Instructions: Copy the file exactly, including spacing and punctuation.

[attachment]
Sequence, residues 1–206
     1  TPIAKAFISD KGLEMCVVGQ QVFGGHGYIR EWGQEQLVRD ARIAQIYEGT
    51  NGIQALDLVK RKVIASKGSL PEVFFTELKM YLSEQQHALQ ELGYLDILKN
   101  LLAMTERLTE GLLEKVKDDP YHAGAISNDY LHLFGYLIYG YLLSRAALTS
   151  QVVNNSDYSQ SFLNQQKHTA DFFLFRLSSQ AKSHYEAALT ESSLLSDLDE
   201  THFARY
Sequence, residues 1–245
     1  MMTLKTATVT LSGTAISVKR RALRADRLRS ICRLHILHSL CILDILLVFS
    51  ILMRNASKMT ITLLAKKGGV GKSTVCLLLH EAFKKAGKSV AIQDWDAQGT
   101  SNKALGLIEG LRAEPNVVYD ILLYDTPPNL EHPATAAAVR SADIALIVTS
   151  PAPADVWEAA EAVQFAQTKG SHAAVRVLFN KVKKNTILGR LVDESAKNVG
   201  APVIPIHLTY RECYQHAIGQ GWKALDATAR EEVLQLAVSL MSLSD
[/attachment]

Sequence, residues 1–206
     1  TPIAKAFISD KGLEMCVVGQ QVFGGHGYIR EWGQEQLVRD ARIAQIYEGT
    51  NGIQALDLVK RKVIASKGSL PEVFFTELKM YLSEQQHALQ ELGYLDILKN
   101  LLAMTERLTE GLLEKVKDDP YHAGAISNDY LHLFGYLIYG YLLSRAALTS
   151  QVVNNSDYSQ SFLNQQKHTA DFFLFRLSSQ AKSHYEAALT ESSLLSDLDE
   201  THFARY
Sequence, residues 1–245
     1  MMTLKTATVT LSGTAISVKR RALRADRLRS ICRLHILHSL CILDILLVFS
    51  ILMRNASKMT ITLLAKKGGV GKSTVCLLLH EAFKKAGKSV AIQDWDAQGT
   101  SNKALGLIEG LRAEPNVVYD ILLYDTPPNL EHPATAAAVR SADIALIVTS
   151  PAPADVWEAA EAVQFAQTKG SHAAVRVLFN KVKKNTILGR LVDESAKNVG
   201  APVIPIHLTY RECYQHAIGQ GWKALDATAR EEVLQLAVSL MSLSD